Mid bands offer a good balance between coverage and capacity for 5G optimal deployment in suburban areas. The the mid band will be the spectrum bridge between wide coverage and high capacity services.
The high bands will help deliver the Gbps throughput required by high-quality gaming, virtual/augmented reality, video and enterprise applications due to the wider spectrum bands.
Therefore, spectrum within all three bands, low, mid and high, will be required by 5G to deliver an economically viable service if ITU is to realize its Strategic Plan for the Union for 2020–2023.
The quality of 3G or 4G coverage in buildings needs to improve, and is a major headache for enterprises, which will only increase in severity, since modern buildings are built to reflect radio waves. This restriction can be turned into an advantage by using the high bands in-building in addition to outdoor.
To achieve ubiquitous 5G in-building mobile broadband coverage, spectrum should be made available in the most harmonious and efficient way; either with MNOs building out dedicated in-building networks with their own licensed spectrum, or leasing or sharing licensed spectrum to enterprises, or to 3rd party in-building operators.
In addition, some regulators are considering, making part of the spectrum available to enterprises or agencies on a localized basis.
Enterprise demand for 5G is being demonstrated, and innovative applications that will utilize 5G advantages including ultra-low latency with autonomous cars, factory automation and robotics and mobile video conferencing will also require massive broadband.
Spectrum must be utilized in the most efficient and cost-effective way, and spectrum availability must not impact the commercial requirements of the broader mobile ecosystem.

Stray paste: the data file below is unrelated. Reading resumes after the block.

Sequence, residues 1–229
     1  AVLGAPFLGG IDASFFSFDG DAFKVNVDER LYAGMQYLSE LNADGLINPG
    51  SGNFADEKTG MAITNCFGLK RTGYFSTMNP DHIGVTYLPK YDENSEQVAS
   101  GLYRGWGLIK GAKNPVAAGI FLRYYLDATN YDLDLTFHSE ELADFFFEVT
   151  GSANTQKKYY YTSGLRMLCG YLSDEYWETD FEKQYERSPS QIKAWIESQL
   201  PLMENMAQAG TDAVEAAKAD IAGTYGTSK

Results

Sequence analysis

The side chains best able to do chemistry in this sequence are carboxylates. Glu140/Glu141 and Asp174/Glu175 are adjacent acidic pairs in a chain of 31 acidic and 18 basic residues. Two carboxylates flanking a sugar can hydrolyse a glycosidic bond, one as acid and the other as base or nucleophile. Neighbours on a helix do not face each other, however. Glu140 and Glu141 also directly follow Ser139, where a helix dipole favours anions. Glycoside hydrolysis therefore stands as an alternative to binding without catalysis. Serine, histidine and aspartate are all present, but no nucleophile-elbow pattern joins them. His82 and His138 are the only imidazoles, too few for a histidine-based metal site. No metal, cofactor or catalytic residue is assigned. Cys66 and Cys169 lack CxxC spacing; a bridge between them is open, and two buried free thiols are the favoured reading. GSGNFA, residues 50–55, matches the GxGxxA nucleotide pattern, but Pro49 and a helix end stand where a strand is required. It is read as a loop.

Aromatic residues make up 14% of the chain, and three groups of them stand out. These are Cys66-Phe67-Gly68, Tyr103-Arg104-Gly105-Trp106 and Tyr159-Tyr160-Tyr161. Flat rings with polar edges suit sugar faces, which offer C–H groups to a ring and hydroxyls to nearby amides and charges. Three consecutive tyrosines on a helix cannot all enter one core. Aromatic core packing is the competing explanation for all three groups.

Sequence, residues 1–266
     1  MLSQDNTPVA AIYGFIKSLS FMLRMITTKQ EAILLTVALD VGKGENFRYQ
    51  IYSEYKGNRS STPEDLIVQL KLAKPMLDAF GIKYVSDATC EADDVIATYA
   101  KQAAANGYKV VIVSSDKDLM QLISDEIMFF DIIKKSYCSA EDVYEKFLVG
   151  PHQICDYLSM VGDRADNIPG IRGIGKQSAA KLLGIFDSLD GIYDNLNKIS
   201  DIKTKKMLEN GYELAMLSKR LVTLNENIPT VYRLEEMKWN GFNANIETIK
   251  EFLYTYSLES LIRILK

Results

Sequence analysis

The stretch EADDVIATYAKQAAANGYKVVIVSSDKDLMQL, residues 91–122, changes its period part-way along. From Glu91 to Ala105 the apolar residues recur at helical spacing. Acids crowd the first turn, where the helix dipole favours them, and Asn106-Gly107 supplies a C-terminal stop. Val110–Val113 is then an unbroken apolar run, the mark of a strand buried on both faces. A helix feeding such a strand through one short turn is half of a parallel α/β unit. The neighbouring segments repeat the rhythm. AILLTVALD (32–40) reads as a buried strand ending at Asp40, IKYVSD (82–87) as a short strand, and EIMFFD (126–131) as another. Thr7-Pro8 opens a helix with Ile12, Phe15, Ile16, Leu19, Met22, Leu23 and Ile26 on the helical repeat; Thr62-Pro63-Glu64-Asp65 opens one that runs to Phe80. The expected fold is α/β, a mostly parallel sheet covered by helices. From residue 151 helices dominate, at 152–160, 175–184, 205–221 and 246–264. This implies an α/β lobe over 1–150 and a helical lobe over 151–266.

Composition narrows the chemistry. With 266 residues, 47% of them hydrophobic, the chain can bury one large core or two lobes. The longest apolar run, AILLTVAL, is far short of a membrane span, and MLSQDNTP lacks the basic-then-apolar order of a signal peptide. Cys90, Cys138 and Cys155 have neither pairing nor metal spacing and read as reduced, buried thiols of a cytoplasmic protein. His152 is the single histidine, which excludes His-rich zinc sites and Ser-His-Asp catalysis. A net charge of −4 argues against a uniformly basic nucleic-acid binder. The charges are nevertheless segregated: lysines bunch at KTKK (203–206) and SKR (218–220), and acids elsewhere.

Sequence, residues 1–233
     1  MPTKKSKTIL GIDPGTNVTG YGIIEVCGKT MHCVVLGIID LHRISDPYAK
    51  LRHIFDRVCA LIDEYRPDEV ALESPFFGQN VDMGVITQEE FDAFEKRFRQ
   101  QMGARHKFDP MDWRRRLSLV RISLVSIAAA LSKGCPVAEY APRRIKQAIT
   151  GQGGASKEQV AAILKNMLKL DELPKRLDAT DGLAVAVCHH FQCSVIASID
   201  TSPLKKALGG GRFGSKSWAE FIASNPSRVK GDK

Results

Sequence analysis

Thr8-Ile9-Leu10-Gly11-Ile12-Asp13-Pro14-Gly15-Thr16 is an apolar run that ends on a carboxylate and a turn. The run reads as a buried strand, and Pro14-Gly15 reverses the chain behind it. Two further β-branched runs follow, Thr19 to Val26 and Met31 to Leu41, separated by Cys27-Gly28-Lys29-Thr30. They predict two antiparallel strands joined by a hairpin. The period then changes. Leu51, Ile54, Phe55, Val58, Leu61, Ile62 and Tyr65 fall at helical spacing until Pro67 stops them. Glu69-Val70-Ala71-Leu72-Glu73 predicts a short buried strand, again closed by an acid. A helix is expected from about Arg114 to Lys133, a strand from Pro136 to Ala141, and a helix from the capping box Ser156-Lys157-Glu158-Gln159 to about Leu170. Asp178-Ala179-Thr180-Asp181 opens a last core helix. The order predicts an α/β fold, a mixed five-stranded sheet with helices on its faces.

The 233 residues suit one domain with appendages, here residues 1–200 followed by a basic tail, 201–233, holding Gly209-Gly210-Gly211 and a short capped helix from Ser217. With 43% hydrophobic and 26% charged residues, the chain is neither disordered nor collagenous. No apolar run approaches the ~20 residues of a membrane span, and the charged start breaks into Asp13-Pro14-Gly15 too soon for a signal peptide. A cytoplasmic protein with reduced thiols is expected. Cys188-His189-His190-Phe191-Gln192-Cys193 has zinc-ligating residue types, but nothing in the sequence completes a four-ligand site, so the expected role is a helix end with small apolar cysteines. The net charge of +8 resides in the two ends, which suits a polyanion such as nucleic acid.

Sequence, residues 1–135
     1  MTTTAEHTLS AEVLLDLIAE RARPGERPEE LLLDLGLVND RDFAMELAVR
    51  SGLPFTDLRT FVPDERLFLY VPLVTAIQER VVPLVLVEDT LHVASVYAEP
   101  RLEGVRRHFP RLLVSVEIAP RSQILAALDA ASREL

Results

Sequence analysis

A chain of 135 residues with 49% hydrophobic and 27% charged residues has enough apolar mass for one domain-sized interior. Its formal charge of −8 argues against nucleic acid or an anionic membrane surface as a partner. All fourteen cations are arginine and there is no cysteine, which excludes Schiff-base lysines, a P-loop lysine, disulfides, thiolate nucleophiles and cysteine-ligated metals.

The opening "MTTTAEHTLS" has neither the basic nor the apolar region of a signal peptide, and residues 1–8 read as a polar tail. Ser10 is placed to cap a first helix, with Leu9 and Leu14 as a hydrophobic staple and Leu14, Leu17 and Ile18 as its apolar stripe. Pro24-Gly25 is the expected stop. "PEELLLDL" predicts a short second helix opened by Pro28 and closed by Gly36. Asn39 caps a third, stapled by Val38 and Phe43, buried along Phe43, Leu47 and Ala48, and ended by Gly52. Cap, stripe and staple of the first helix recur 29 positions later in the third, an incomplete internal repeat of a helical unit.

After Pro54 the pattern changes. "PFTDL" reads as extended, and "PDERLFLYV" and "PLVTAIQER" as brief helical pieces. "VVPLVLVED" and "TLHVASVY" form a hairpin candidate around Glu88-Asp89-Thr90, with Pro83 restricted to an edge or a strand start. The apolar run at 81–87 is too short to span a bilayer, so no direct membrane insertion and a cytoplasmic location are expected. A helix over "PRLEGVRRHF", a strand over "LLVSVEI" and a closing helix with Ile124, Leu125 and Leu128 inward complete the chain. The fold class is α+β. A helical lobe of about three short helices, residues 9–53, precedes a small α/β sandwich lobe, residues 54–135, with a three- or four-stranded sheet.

The mobile ecosystem is expanding out of the traditional mobile supplier base to additionally include system integrators, automotive and aerospace companies, factory automation suppliers, utilities, robotic innovators, and many more.
As an industry we have a responsibility to meet the expectations of our customers and the Sustainable Development Goals.
IMT‑2020/5G will provide a ubiquitous, high speed and high quality, intelligent broadband connectivity experience, at home, in the office, on all forms of transport, when travelling at high speed, when in basement offices or on the top floor of a city skyrise complex, or in a rural location.
Spectrum, and the harmonization of a broad range of spectrum bands from low to mid and high, will meet and ideally exceed the expectation of all users in developed and developing countries. The industry has come a phenomenal way in a relatively short period of time.
The next challenge is to make intelligent connectivity (powered by 5G, AI and IoT) available in each corner of our world — for the global economy, and social benefits — and IMT‑2020/5G mobile technology and ITU has a key role to play in making that vision a reality.
*This article is one of a series commissioned for the ‘Terrestrial Wireless Communications’ edition of ITU News Magazine. Views expressed do not necessarily reflect those of ITU.